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Ruminative Solo Piano Jazz Impeccably Recorded
Terry Trotter might be referred to as a studio musician, but that would conjure up the wrong picture. Though I'm sure he's very valuable as a studio musician, his art goes way beyond that label. He's played for some of the greats, including Lena Horne, Frank Sinatra, Art Pepper, Chet Baker, and Steve Lawrence and Eydie Gormé. He's also been Natalie Cole's pianist for a dozen years. You can often find his name in the fine print on an album jacket, but Trotter has recorded some discs where he's the main focus, most notably a series of jazz interpretations of music from Stephen Sondheim's Broadway shows.
On this disc Trotter plays solo, and he's compiled a list of 21 cuts that range from jazz standards, such as "Willow Weep for Me," "Body & Soul," and "Sophisticated Lady," to the traditional "The Kerry Dance." He's also included a couple of his own compositions -- "Sssupp!" and "Serenity Within." Sometimes he uses sheet music, and sometimes not.
Though he possesses prodigious technique, Trotter is not a flashy player. He invites you in to listen to his playing rather than hitting you over the head with it. This album is very mellow, giving listeners the feeling of spending late-night hours in a jazz club. As humble as his approach is, one has to admire the way he plays so dexterously, as in the sassy, bluesy "Sssupp!" And if you were to just listen to "In a Sentimental Mood" before watching it, you'd be amazed to find that Trotter is playing with only his left hand! The veteran pianist is also sensitive to every nuance a song might contain. Watching this disc, it's easy to see why he's known around Los Angeles as a musician's musician.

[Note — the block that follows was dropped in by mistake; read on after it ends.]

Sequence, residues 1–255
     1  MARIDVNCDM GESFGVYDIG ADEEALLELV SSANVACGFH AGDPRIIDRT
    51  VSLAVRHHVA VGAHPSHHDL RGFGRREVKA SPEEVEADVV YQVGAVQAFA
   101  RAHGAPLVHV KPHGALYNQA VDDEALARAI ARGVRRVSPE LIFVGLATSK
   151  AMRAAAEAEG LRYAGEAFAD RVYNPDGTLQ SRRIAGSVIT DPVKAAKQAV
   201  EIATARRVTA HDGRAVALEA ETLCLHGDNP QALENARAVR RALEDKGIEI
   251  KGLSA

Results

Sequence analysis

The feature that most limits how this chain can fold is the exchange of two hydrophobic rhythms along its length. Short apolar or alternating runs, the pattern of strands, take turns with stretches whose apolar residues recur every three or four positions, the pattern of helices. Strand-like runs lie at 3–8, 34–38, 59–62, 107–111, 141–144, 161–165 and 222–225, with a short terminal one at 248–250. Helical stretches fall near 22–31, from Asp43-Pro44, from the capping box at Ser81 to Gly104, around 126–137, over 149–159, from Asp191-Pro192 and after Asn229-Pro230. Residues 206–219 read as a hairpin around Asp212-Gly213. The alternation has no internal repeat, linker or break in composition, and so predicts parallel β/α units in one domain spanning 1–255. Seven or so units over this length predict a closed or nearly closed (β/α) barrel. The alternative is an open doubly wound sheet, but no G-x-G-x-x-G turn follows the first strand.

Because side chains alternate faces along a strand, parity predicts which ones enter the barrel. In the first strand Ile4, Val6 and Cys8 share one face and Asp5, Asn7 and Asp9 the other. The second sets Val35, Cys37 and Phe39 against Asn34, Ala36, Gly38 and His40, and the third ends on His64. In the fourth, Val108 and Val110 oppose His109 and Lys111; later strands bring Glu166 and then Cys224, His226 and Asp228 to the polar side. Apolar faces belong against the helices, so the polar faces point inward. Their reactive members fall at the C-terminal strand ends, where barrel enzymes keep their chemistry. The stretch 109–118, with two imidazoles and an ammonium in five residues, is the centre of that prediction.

I've noted lately that the piano sound on AIX Records Blu-ray Discs is about the most realistic around. This disc is no exception. The viewer/listener has a choice of three mixes: 5.1-channel Dolby TrueHD Stage and Audience mixes, and a 2.0 PCM stereo mix -- all 24-bit/96kHz. If you have a Blu-ray drive on your computer, you can also partake of a FLAC two-channel 24-bit/96kHz mix, a two-channel 320kbps MP3 mix, or a two-channel headphone surround-sound mix. The video for the program is almost as excellent as the audio. The cameras let you see the performer from almost every angle, even looking down from above. These are edited to prevent boredom, but they don't change so quickly as to set your head spinning.
Mark Waldrep, CEO and recording engineer for AIX Records, has a formula for stringing songs together. Each piece is presented like a separate track. The visuals come up and there's text overlay identifying the song. At the end of the track, after the last chord has stopped ringing, the camera fades to black. There's no live audience, and since there are no extraneous sounds you can just turn off the video and listen to it like an audio-only disc, the big difference being that you'll hear it in HD! Though the Stage mix was a little warmer, I preferred the Audience and PCM mixes for this program, as they were just a tiny bit more transparent. All of them are impeccable for what they are; how wonderful to have a choice.
Be sure to listen to: "Tea for Two" closes out the disc. You might expect the usual cloying upbeat treatment, but Trotter plays it slow and detached, with the melody in very short notes against held chords. It's daring in its simplicity and exhibits control and whimsy above the norm. The Blu-ray also contains as an extra an interesting interview with Trotter where he discusses the relationship between jazz and classical music.
. . . Rad Bennett